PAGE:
Dear Miss Emily:

Hi there, I’m 34 and I’ve had OCD from a young boy.  I got it in the form of repetitive thoughts: I’m gay, I’m a molester, I’m a serial killer, I don’t love my partner, which affects me more than all the others.  I used alcohol to take the pain away whilst on Prozac.  Subsequently, I’m an alcoholic and became dependent on cocaine.  I have since become a proud member of the AA fellowship which works on the 12 step program. It’s been amazing but, where I am now drug and drink free for 8 weeks, I’m getting very wound up.  My mood goes like a yo-yo –  up and down. My anger is terrible and my thoughts are back.  I’m really struggling at the moment. I’m still on the Prozac, but that doesn’t seem to being doing anything. I feel upset and emotional and can’t be bothered to go to work. What would you say?
Wound like a  Yo-Yo

------------------------Miss Emily’s advice---------------------

Dear Wound:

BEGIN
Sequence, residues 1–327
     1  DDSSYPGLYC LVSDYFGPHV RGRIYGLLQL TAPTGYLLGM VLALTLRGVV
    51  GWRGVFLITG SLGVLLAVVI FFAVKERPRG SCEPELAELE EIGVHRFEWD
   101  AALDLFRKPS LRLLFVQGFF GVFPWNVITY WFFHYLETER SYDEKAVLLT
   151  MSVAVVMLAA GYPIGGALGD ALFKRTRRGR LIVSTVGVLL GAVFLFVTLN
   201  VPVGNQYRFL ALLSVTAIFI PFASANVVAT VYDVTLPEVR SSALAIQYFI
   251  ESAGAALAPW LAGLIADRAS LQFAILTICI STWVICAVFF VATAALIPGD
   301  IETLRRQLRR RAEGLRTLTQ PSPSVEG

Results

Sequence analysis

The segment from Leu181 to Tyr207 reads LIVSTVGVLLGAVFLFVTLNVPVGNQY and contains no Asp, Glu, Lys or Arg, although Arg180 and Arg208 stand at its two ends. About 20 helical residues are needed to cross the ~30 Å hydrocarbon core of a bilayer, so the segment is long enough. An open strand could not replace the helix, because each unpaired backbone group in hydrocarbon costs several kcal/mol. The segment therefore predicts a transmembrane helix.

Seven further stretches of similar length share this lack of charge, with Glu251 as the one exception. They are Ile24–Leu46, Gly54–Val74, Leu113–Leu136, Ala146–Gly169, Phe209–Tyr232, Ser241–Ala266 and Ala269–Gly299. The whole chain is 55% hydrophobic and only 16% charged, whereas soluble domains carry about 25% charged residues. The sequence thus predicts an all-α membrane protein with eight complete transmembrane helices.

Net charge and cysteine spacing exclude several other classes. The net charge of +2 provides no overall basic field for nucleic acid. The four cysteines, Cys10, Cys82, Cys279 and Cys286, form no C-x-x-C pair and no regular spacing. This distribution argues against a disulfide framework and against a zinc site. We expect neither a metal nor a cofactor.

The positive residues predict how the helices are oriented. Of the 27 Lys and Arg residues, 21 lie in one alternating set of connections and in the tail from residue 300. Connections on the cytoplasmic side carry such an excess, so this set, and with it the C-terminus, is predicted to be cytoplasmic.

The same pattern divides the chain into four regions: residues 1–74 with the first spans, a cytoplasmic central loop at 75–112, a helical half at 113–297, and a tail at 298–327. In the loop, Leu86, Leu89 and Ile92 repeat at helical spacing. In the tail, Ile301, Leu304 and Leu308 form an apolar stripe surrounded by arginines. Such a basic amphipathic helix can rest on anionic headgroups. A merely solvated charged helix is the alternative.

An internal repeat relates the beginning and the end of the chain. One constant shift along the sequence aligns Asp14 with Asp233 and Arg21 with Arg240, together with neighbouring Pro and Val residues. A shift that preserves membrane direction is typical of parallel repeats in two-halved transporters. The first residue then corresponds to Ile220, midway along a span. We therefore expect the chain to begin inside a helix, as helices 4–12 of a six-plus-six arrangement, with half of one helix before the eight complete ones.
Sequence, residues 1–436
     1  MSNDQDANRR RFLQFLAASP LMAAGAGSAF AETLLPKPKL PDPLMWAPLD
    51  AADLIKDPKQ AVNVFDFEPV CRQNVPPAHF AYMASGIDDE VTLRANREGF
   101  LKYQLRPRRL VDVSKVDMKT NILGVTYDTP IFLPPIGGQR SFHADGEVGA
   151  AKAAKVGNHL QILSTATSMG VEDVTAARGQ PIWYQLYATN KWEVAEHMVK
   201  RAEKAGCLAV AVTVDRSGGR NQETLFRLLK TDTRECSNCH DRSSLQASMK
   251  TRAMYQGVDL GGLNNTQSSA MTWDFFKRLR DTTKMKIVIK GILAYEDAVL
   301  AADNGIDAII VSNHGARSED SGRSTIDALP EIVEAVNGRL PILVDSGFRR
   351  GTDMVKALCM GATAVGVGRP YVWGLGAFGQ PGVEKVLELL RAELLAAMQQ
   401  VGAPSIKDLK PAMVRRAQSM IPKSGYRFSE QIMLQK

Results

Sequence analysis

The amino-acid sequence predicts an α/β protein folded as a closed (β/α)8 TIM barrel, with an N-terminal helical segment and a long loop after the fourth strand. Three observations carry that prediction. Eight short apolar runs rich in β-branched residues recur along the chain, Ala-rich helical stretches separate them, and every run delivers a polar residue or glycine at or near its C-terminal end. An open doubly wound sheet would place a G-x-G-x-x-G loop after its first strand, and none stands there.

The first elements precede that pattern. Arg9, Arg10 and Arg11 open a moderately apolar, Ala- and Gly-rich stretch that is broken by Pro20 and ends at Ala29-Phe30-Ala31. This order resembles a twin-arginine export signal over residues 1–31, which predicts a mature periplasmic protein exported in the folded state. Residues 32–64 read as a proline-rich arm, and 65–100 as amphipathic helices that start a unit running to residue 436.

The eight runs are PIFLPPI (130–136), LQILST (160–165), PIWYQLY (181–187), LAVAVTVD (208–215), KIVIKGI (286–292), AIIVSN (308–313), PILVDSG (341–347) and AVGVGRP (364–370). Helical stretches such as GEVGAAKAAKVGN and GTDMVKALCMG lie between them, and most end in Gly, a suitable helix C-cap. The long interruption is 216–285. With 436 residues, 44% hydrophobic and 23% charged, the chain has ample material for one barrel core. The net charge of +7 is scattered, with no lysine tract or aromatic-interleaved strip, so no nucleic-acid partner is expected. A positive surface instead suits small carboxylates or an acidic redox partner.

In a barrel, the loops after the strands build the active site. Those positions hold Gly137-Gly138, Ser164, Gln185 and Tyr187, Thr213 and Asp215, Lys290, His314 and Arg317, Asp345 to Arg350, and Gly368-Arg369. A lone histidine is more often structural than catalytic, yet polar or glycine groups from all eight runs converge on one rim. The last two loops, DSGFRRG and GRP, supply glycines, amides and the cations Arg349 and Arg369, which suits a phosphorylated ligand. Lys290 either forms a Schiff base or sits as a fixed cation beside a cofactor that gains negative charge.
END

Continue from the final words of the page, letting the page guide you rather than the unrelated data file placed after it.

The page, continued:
Although I am not qualified to give you any medical advice, I can tell you my first impression.  You are extremely hard on yourself.  So much of who we are is a combination of nature and nurture.  Let yourself off the hook on a lot of these underlying  feelings of failure.  Still, each of us should realize that, in most cases, we are on our own and need to do some heavy work if we want to make our lives better.  You have taken the first step.  But it isn’t easy to transition from one feeling or emotion to another unless we give ourselves time.  OCD is tough.  I have a friend who struggles with it everyday.  But I see in her a desire to soldier on and seek answers to problems that, in some ways, so many people face.  I admire her, and I admire your resolve to overcome this difficult, life-altering issue.  If I were you, I’d ask my doctor if it might be wise to seek out another anti-depressant that has a greater effect on you.  Although Prozac is an old, reliable anti-depressant for some, advances in this area are happening on a continual basis.  As you are aware, no anti-depressant works effectively with alcohol and cocaine.  Know that none of us have all the answers to finding happiness in our lives, but your AA experience, being a positive one for you, is a road you can take to getting the help you need, as well as finding some peace of mind in the process.  And please, don’t think that everyone, but you and your AA partners, is leading the perfect life.  It simply isn’t true.  Keep me posted on what’s happening with you.  I care.  I really do!